The first impression here was definitely the Hill Pigeons flying around the cliff. They looked very similar to the common feral Rock Pigeon, but with a distinctive broad white tail-band. Eurasian Crag-Martins, Asian House-Martins, and Common Swifts were flying everywhere as well. I was lucky enough to find a Salim Ali’s Swift inside of many Common Swifts. Another impressive group is Crows. The majority of the Crows are the Red-billed Choughs and the Daurian Jackdaws. There were some Eurasian Magpies and Large-billed Crows as well. Hodgson’s Redstarts were singing on the wire and a White-throated Redstart appeared on the trail railing. There are many kinds of redstarts in China, and I think they are all very beautiful, but it’s sometimes challenging to identify between them. A White-winged Grosbeak and a Great Spotted Woodpecker popped up around the trail. Always happy about it because they are all surprises for me since I didn’t expect to see them. And of course, the most common mountain bird here, Elliot’s Laughingthrushes, were seen many where. Before leaving, a Godlewski’s Bunting made an appearance on the top of a tree, singing loudly. This is another surprise, I was very happy at Mati Temple.

July 18th, Qinghai Lake Area. Finally, we arrived at the place I had dreamt for a long time. This is a wonderful place, an endless grassland with many sheep, horses, and yaks feeding on it. The wildlife here is surely amazing.

The first bird came into sight was a Brown-headed Gull, its appearance matched its name. After a night in the hostel, we went for a relaxing stroll to the lakeside. Many birds swimming in the lake, most of them were Bar-headed Geese, some of them even had chicks. A Ruddy Shelduck was found inside a group of Bar-headed Goose, the yellowish of its body was very impressive, I think it is very cute. 6 Great Crested Grebes were on the water in the distance, it’s never boring to see them with their cool looking. Some Common Terns and Great Cormorants sometimes flew over too, luckily the former one didn’t attack me this time. There were some breeding shorebirds here as well, such as Common Redshanks and Wood Sandpipers. One of the Common Redshank even had a banding on its foot.

There were many birds during the stroll, too. My main targets here were the narrowly distributed snowfinches. I was lucky to see two species of it, the Rufous-necked Snowfinch and the White-rumped Snowfinch. These are actually in the same family Passeridae with Eurasian Tree Sparrows. There was another species of Passeridae I saw around Qinghai Lake, it was Rock Sparrow. Besides these “sparrows", Ground Tits and Horned Larks were abundant, followed by Black Redstarts and Red-billed Choughs with a smaller population, but still easily seen. Another lifer for me was an Isabelline Wheatear standing on a pole, these wheatears rarely come to Taiwan, so it’s always good for me to see them. A Tibetan Lark was just beside the road, this species is also narrowly distributed as the snowfinches, so it’s good for me. The last thing to say here, when we were driving through the rubber mountain beside the lake, we saw 3 Himalayan Griffons hovering in the sky and eventually landed on the hillside. This is the first time for me to see this kind of huge vultures. This species was a top target species I arranged before the trip, I am glad to see them.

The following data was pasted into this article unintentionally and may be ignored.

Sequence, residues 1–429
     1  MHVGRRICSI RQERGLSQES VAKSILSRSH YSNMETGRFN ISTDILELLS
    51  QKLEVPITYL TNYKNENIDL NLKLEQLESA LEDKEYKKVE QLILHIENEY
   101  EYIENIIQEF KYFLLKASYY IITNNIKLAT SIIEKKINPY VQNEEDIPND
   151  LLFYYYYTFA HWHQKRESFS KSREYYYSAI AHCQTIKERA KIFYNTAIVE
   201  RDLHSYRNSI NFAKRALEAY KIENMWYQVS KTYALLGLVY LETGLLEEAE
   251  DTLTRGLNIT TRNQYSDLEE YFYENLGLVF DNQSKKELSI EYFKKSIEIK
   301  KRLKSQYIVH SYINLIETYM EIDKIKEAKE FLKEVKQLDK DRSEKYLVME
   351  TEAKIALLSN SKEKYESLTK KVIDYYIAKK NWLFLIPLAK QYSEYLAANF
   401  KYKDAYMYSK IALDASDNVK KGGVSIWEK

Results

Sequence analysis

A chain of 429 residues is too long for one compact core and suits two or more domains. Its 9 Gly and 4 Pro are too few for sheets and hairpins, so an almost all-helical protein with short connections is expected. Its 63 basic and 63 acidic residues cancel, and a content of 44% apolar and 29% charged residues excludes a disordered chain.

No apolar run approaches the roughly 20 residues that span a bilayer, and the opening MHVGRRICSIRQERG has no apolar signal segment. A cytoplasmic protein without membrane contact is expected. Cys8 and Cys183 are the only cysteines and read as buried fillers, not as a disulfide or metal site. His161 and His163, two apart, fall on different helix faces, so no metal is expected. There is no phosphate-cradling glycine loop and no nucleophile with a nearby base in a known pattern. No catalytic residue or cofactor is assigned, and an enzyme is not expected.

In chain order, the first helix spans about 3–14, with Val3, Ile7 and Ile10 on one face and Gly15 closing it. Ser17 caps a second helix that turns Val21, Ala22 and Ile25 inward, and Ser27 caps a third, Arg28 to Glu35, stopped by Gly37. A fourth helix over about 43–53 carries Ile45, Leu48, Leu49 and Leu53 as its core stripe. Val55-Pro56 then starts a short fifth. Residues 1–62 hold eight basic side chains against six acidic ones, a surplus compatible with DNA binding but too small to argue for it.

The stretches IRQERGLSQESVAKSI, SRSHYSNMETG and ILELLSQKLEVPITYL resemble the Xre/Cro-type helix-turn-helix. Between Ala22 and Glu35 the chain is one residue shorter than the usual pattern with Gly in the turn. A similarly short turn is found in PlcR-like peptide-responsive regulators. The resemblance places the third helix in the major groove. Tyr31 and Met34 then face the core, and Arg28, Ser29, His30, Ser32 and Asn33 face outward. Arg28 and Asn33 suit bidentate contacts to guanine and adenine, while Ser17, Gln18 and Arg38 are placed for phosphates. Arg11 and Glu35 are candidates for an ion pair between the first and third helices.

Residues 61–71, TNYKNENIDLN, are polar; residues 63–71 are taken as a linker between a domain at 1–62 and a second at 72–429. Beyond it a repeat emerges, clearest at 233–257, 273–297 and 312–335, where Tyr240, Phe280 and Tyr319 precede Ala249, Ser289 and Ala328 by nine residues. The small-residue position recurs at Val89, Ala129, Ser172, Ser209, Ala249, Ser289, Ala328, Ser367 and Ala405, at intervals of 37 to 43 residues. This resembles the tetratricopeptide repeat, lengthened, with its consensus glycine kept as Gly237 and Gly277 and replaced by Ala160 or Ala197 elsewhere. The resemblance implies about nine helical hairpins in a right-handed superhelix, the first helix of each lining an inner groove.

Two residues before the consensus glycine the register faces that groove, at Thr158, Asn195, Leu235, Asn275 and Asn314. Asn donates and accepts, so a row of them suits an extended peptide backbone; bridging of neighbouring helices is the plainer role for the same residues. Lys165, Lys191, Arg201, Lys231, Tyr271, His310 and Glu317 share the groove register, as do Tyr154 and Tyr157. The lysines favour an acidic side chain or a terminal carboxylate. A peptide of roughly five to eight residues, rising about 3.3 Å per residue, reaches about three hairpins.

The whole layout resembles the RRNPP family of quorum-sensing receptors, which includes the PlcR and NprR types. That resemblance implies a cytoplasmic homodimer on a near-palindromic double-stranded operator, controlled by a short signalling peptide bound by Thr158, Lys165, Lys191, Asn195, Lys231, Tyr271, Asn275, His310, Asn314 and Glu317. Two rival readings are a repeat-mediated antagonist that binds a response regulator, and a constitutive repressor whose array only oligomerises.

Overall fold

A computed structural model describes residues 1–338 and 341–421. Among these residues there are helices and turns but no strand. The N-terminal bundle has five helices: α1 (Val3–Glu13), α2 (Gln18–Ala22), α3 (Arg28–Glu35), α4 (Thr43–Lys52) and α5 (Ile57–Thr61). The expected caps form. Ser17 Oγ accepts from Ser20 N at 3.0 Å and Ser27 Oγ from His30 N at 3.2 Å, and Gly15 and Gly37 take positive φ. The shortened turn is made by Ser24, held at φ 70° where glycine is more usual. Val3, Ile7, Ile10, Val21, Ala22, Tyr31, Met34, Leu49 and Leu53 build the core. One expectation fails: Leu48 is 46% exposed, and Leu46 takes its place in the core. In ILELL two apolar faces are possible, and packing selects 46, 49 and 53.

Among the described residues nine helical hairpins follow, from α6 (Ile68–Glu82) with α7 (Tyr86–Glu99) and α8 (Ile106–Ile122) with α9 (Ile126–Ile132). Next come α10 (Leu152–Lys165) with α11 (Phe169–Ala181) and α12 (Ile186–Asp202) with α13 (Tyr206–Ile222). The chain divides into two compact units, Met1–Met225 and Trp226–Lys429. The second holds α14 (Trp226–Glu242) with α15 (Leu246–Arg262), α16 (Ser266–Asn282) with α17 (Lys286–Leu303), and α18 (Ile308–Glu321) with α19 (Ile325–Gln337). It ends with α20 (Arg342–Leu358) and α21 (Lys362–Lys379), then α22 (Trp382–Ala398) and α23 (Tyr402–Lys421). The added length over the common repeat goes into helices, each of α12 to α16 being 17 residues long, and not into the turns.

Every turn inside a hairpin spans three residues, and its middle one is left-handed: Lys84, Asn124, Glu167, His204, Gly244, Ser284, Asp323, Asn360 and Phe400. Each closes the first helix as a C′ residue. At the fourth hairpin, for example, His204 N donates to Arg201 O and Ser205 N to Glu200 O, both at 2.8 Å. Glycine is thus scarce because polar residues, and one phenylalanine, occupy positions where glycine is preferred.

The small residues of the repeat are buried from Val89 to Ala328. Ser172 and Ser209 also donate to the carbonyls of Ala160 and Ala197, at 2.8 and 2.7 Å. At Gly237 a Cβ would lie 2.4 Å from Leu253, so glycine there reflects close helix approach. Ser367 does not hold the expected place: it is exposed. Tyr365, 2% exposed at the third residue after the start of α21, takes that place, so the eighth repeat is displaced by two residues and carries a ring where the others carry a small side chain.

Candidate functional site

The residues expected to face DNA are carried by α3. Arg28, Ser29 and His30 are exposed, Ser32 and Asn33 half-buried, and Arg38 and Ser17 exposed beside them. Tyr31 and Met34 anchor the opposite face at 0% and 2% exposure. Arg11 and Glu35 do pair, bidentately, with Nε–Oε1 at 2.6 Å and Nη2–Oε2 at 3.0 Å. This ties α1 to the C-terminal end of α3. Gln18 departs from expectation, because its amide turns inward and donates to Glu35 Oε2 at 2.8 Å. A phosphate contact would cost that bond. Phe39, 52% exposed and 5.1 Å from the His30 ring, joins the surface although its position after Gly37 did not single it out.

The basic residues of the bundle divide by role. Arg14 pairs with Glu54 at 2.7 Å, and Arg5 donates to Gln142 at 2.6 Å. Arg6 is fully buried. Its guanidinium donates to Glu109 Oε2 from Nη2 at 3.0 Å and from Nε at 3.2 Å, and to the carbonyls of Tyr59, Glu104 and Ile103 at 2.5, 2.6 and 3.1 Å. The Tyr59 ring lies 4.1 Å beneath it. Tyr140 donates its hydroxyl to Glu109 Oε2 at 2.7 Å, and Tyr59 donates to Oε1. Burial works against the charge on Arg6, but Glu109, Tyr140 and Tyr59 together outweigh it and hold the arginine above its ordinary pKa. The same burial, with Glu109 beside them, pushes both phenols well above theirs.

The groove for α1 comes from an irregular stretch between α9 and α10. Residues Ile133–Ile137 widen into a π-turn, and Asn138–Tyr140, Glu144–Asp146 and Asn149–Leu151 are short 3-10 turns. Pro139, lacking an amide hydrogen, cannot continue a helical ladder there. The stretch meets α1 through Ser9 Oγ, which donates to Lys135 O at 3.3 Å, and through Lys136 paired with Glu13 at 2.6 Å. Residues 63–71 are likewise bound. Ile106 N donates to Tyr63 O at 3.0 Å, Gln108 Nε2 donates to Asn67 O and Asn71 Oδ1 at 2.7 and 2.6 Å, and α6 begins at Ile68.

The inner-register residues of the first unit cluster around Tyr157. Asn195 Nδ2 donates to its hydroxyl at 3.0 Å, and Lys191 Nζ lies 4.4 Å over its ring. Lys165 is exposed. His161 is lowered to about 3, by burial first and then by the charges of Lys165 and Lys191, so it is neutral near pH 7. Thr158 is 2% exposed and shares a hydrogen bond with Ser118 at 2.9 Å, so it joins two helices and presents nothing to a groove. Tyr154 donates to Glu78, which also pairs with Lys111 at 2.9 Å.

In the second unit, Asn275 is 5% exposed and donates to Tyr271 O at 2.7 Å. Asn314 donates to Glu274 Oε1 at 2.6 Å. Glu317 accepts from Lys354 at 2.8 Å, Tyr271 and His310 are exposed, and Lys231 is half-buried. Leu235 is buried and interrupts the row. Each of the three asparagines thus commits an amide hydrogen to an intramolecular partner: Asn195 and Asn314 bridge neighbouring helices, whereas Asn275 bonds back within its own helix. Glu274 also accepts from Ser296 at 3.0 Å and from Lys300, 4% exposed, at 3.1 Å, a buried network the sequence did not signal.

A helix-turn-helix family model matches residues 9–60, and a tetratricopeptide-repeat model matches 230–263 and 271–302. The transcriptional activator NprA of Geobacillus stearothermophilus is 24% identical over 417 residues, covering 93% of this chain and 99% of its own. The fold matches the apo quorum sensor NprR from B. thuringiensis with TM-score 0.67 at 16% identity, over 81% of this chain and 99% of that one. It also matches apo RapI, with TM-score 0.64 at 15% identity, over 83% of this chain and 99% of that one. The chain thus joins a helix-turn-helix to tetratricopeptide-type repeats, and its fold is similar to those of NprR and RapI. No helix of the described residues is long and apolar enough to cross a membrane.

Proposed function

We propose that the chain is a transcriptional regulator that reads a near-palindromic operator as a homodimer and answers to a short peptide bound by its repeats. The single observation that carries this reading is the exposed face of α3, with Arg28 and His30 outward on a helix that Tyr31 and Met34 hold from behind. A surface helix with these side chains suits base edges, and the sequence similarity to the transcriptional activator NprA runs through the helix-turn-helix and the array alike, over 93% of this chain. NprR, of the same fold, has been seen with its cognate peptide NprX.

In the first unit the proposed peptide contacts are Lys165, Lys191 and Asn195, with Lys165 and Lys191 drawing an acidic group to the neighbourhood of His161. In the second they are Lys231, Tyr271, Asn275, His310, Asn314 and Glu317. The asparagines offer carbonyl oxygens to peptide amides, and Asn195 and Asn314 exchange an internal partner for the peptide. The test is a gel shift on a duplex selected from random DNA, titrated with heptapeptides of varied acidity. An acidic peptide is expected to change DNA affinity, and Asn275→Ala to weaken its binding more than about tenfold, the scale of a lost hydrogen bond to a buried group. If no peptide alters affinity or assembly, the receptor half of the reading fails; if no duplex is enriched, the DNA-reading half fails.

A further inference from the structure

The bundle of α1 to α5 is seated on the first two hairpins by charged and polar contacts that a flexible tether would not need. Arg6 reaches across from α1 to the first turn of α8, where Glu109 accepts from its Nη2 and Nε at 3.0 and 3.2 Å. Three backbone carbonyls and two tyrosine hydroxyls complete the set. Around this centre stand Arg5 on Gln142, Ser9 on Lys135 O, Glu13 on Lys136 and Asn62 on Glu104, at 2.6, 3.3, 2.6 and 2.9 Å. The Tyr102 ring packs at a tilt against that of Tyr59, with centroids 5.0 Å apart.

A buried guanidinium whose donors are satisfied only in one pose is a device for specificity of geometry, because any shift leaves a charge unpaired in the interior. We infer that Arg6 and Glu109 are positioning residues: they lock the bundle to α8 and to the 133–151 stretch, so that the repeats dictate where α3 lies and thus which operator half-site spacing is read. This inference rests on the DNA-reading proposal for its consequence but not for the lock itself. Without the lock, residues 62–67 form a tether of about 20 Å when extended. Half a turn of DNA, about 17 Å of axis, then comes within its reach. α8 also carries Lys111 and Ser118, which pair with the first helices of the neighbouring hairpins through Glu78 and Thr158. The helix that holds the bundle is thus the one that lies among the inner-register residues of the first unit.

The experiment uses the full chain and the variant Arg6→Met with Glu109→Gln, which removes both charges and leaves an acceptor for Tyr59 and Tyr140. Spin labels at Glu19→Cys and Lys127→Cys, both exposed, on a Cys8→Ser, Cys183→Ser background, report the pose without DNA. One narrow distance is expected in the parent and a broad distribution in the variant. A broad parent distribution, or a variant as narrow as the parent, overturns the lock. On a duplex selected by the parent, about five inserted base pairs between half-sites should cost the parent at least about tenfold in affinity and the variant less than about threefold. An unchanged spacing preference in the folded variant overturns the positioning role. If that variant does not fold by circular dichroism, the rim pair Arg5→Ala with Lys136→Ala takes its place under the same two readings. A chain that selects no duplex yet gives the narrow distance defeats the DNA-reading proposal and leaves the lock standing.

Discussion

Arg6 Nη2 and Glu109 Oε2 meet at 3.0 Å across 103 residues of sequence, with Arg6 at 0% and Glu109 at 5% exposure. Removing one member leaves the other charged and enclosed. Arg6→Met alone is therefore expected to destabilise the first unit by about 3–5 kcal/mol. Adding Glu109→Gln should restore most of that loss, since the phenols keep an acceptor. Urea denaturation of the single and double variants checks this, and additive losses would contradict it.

There were many other animals on the grassland. Plateau Pika was plentiful, chasing around on the prairie. They dig holes on the ground, so we often saw only its head above the ground, which is very cute. There was a Bobak Marmot sitting on a mound, we thought it was a Plateau Pika at first but then found out its significantly larger body size. At last, to our surprise, we found a species of a toad here. It’s called the Mongolian Toad. The climate here is normally cold due to its high altitude at 3400m, I never thought these amphibians would be here. But apparently I was wrong, there were numerous of them all the way we walked through, even in the hostel we lived!

July 20th, Huzhu Beishan National Forest Park. This is the final attraction we went for the entire trip. The ecosystem here is more like that of Mati Temple, but with even more humidity. There are many waterfalls and rivers in the park, it’s a nice place to relax and take a deep breath.

Most of the birds seen here were already seen in advance, but it was the first time we went to a river ecosystem in China, so the river birds were some new thing to me. These river birds include White-throated Dippers, Plumbeous Redstarts, and White-capped Redstarts. They were small and cute, frequently flying across the river. White-capped Redstarts were very bright and colorful, we couldn’t forget it after seeing it. In the forest, many warblers were singing loudly and clearly. Gansu Leaf Warblers and Greenish Warblers composed the population. An Olive-backed Pipit was seen with the warblers.

To sum up the trip, I saw about 95 species of birds. It’s not much, because our main purpose of the trip was still tourist attractions, the wildlife here were additional. However, I still saw some birds that I really wanted to see. I liked Himalayan Griffons and Red-billed Choughs the most when I first saw them on the internet. I was glad that I could see them in real life. Narrowly distributed species are always favored by bird watchers, we saw plenty of those in the trip, such as snowfinches, laughingthrushes, and many more. We still got a taste of the rich natural resources in Gansu and Qinghai. I am looking forward to a future visit if possible.

P.S. The images of the White-throated Dipper and the White-throated Redstart were photographed by my friend, Ching-Fang, Li.